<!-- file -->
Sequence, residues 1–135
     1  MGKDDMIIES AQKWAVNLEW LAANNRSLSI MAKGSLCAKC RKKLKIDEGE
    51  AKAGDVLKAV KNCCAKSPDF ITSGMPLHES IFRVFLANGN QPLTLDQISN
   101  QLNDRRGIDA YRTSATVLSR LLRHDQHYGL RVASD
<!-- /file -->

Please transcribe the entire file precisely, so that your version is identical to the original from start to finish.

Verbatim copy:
Sequence, residues 1–135
     1  MGKDDMIIES AQKWAVNLEW LAANNRSLSI MAKGSLCAKC RKKLKIDEGE
    51  AKAGDVLKAV KNCCAKSPDF ITSGMPLHES IFRVFLANGN QPLTLDQISN
   101  QLNDRRGIDA YRTSATVLSR LLRHDQHYGL RVASD